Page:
Google Chrome Cracks 6% Market Share, Could Hit 10% in 2010

 
 
By Clint Boulton  |  Posted 2010-04-06 Email Print this article Print
 
 
 
 
 
 
 

Google's Chrome Web browser held 6.1 percent market share through March 2010 and is on pace to top 10 percent by the end of 2010, according to data from Net Applications. Chrome's gain comes after it held 5.6 percent market share through February, according to the researcher. Chrome's latest gains may have come at the expense of market leader Microsoft Internet Explorer, which sat at 60.7 percent through March from 61.6 percent through February. Chrome needs only to gain a percentage point of share every two months to top 10 percent by December.

Google's Chrome Web browser commanded 6.1 percent market share through March 2010 and is on track to grow to double digits by the end of the year, according to data from Net Applications.

The gain comes after Chrome grabbed 5.6 percent market share through February, according to the researcher.

Chrome's latest gains may have come at the expense of market leader Microsoft Internet Explorer, which sat at 60.7 percent through March from 61.6 percent through February.

Mozilla Firefox and Apple's Safari browser, which Google passed in December, both grew a bit. Firefox held 24.5 percent market share through March, compared with 24.2 percent through February. Safari rose from 4.5 percent the last period to 4.7 percent through March.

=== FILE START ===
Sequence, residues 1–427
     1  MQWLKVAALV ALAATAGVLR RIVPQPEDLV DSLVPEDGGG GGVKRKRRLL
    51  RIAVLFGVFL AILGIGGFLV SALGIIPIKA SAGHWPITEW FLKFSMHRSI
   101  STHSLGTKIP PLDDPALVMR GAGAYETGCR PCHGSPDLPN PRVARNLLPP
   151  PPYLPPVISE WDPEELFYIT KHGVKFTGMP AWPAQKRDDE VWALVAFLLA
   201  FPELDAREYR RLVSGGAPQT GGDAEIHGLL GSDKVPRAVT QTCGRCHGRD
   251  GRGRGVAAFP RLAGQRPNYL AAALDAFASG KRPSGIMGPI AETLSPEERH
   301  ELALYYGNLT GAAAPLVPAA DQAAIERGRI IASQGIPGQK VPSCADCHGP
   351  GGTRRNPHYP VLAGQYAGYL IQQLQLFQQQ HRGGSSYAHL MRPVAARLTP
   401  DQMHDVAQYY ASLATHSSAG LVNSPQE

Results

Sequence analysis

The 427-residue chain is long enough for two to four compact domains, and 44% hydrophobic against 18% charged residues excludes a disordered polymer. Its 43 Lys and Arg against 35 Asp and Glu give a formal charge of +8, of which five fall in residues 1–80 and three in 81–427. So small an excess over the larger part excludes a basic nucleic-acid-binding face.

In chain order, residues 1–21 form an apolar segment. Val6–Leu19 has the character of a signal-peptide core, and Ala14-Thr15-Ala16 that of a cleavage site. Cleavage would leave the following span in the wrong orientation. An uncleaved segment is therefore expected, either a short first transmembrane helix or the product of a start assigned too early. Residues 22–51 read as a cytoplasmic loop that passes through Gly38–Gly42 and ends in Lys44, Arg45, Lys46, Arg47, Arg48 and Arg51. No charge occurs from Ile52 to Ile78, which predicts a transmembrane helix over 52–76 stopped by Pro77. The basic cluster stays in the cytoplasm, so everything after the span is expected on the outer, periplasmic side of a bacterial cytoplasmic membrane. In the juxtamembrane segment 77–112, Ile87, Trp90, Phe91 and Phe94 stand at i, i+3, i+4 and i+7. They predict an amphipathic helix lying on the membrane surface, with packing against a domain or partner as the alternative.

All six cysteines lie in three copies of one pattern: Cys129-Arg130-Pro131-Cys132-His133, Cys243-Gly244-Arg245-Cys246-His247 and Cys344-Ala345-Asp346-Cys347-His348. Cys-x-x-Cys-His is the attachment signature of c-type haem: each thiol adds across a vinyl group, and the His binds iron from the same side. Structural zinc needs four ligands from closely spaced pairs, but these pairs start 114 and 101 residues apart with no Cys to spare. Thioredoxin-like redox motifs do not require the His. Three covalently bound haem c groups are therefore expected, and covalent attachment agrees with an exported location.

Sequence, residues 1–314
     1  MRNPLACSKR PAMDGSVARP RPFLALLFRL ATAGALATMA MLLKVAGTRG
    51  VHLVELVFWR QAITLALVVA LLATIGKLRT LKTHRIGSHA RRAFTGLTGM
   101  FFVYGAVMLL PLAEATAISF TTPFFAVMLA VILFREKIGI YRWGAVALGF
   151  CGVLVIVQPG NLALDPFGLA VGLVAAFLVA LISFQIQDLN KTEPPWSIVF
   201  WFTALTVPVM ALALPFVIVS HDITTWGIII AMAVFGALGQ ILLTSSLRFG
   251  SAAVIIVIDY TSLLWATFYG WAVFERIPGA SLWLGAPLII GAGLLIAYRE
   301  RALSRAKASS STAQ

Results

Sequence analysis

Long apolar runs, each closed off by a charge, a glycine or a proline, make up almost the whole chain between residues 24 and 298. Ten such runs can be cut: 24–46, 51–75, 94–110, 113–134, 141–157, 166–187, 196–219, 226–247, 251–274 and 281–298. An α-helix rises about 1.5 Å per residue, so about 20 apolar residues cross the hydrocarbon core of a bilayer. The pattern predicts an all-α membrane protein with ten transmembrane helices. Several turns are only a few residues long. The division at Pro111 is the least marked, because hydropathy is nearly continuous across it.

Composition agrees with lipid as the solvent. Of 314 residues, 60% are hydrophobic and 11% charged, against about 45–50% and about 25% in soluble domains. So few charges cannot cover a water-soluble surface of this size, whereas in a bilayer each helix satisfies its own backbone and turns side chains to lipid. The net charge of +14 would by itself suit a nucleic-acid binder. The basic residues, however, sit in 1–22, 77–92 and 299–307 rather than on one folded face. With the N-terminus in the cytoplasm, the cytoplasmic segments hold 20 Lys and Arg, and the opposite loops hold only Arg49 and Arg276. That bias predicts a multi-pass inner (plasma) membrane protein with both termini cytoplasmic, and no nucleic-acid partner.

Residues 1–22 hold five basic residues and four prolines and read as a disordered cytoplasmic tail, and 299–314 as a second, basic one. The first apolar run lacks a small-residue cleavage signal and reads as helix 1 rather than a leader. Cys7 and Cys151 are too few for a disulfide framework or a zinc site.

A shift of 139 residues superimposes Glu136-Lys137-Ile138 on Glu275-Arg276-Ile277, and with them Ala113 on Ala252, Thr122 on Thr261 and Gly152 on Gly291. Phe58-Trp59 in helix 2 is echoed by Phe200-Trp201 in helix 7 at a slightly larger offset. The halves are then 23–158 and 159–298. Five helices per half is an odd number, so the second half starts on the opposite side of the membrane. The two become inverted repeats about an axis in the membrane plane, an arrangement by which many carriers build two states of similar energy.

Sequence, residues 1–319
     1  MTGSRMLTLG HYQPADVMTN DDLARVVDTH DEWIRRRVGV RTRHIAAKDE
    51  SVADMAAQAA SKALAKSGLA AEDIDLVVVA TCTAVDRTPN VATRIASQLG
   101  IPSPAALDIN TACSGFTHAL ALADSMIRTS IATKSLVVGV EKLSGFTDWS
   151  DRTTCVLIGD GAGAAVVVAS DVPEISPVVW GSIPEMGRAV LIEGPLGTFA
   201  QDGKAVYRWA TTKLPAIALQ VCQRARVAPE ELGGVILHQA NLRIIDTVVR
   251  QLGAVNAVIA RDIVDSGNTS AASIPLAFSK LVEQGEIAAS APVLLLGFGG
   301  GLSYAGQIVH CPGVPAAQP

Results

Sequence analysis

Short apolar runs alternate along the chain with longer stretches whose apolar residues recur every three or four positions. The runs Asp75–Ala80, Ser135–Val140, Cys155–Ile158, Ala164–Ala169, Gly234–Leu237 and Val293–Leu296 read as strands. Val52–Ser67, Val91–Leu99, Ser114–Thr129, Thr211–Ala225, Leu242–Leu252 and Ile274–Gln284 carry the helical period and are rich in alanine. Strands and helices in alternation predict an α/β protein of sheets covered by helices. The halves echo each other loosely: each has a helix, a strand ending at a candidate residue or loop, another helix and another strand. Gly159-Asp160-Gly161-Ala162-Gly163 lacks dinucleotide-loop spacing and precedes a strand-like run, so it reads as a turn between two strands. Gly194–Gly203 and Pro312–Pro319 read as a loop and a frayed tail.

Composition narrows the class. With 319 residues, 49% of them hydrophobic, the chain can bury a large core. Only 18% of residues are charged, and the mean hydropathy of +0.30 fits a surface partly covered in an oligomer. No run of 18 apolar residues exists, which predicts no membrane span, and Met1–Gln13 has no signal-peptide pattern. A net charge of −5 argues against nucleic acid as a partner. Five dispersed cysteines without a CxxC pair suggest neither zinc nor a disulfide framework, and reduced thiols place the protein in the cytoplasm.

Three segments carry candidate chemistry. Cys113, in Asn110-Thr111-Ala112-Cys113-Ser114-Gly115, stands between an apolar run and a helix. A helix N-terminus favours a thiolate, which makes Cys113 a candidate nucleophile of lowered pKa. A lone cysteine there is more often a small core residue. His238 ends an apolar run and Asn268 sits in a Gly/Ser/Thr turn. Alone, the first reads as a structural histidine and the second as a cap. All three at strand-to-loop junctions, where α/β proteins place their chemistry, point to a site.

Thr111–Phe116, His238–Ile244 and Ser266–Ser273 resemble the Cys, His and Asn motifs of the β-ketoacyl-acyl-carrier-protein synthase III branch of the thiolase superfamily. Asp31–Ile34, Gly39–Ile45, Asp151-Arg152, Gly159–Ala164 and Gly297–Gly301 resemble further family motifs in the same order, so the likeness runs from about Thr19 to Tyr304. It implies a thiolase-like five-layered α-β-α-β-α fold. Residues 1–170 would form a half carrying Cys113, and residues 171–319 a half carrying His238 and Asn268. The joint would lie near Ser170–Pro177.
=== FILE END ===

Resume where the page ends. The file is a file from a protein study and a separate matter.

Chrome held only 1.6 market share through March 2009, toiling its way to 2 percent in May last year and 3.2 percent in September, before jumping to 4.6 percent in December.  

Chrome began seeing great pickup after Dec. 8, when Google launched beta versions of Chrome for Mac and Linux. Chrome notched 5.2 percent of the market through January and 5.6 percent through February before hitting the 6.1 percent figure last month.

Chrome needs only to gain a percentage point of share every two months to top 10 percent by December, a feat that is certainly attainable given Chrome's current growth spurts.

It is unclear where the current growth is coming from. Google is carefully grooming its browser, regularly upgrading its versions for Windows; the company added machine translation and privacy features in March, and has been nurturing extensions.

But Google is not heavily marketing Chrome even as it is developing the Chrome Operating System, the layer on top of which Chrome will sit and allow users to access Web applications.

Chrome OS is slated to appear on netbooks by December 2010. Should Google meet its deadline goals, Google can expect greater growth for the browser through next holiday season.


 
 
 
 
 
 
 
 
 
 
 

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